Before the beginning of the First World War Great Britain wasn’t a hugely democratic country. Until the 1867 Reform Act most men didn’t have the vote. The Reform Act changed this but women still most certainly weren’t allowed to vote.
We have all been in a situation where no matter how hard you try, you just can’t get a technique right. Even if your instructor or training partner is being very compliant and helpful.
Ok you have been doing martial arts for a while now and gone through the belt system a bit and you are now doing very some very technical techniques which have a some danger to them so you are definitely not a newbie anymore. This means you can handle yourself in a real fight, right?
Netflix recently released the documentary Age of Samurai telling the story of the end of the Sengoku period or Warring States period from 1467 to 1615. The documentary dramatises the story, with commentary from historians, of the rise to power of Oda Nobunaga, Toyotomi Hideyoshi and Tokugawa Ieyasu and their eventual unification and control of the whole of Japan.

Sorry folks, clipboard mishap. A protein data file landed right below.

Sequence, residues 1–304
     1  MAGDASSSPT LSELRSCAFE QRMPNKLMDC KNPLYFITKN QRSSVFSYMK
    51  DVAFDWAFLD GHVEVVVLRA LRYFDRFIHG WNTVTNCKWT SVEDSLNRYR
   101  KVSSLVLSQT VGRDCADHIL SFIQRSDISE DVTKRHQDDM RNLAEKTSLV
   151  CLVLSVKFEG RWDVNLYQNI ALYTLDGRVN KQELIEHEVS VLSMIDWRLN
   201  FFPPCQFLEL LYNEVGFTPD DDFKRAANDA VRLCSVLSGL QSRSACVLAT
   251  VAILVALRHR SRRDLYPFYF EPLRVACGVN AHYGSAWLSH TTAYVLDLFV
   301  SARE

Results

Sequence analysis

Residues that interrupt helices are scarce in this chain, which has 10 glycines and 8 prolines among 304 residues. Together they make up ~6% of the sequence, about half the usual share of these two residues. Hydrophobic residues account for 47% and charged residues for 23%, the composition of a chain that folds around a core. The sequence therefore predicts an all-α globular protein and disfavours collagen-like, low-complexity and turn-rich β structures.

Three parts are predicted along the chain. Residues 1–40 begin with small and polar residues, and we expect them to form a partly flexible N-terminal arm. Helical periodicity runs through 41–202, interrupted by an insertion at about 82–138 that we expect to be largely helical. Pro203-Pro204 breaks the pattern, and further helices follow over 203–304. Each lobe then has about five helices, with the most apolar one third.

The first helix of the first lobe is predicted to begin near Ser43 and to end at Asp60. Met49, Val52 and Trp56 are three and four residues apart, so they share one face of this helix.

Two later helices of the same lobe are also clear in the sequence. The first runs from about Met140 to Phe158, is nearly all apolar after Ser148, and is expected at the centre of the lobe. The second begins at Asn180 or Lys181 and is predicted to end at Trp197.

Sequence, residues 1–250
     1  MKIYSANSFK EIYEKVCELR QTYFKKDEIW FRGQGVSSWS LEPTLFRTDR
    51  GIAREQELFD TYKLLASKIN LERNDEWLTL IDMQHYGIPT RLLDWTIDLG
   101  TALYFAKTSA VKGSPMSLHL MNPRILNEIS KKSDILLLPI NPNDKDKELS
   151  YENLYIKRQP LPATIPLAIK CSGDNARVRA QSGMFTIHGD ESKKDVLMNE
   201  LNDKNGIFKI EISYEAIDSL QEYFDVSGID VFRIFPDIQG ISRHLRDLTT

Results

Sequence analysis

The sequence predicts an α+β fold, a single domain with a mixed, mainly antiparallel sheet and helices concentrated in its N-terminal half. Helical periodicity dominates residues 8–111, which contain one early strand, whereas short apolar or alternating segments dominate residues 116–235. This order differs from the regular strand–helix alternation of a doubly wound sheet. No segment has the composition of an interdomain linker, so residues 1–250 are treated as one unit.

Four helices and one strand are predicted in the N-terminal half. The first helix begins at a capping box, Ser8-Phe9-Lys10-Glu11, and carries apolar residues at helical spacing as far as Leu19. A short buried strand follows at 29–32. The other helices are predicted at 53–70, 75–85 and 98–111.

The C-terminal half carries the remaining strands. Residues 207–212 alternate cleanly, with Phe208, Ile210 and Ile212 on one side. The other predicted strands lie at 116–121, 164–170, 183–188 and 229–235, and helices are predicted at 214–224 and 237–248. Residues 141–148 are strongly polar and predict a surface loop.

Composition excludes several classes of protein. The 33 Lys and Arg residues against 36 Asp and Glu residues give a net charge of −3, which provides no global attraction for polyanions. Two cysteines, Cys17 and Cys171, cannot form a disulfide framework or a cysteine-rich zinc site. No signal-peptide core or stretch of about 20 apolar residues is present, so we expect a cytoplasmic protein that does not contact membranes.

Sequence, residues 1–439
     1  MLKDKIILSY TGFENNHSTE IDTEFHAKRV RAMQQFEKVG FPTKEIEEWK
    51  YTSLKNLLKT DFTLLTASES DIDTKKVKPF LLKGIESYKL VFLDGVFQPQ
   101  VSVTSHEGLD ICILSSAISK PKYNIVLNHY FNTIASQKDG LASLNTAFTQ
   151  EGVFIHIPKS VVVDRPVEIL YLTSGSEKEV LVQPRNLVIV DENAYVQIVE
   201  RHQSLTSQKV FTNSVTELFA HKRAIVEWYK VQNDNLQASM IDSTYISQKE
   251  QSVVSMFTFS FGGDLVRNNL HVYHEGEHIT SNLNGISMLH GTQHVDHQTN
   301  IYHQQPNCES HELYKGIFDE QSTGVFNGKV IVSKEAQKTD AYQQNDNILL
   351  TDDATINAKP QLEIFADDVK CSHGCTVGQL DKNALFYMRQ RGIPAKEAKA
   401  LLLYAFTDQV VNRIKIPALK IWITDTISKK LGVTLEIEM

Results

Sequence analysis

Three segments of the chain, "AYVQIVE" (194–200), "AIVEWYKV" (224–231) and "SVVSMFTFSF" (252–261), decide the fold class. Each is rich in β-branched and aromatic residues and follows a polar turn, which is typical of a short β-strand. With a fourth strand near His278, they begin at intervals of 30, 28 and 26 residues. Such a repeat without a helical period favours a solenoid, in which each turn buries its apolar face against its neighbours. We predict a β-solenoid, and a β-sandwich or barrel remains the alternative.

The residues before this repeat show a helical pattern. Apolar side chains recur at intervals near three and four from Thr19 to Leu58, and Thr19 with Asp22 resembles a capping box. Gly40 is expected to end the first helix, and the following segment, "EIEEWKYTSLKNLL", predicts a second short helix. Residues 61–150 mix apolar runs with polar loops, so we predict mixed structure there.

Most martial arts have a some kind of belt system where you start with either a red or white belt and work your way up possibly following a curriculum and when your instructor thinks you are ready you take a grading exam and you get a different coloured belt until you get to black belt and then you get various degrees of black belt. However, is it needed?
Defence techniques from an attacker carrying a knife is a big thing in martial arts and I have learnt a few of them. However, the reality is that most of them will not help you in a real life situation.
Chi in Chinese or Ki in Japanese is something that you will hear about on social media when it comes to martial arts. But is it real? The answer to that is an annoying absolutely not but well yes.